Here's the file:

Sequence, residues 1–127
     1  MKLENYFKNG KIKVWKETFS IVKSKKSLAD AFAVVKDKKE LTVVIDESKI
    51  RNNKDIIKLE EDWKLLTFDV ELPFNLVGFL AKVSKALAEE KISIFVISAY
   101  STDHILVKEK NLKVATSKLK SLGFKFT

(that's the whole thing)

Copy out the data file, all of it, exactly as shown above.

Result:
Sequence, residues 1–127
     1  MKLENYFKNG KIKVWKETFS IVKSKKSLAD AFAVVKDKKE LTVVIDESKI
    51  RNNKDIIKLE EDWKLLTFDV ELPFNLVGFL AKVSKALAEE KISIFVISAY
   101  STDHILVKEK NLKVATSKLK SLGFKFT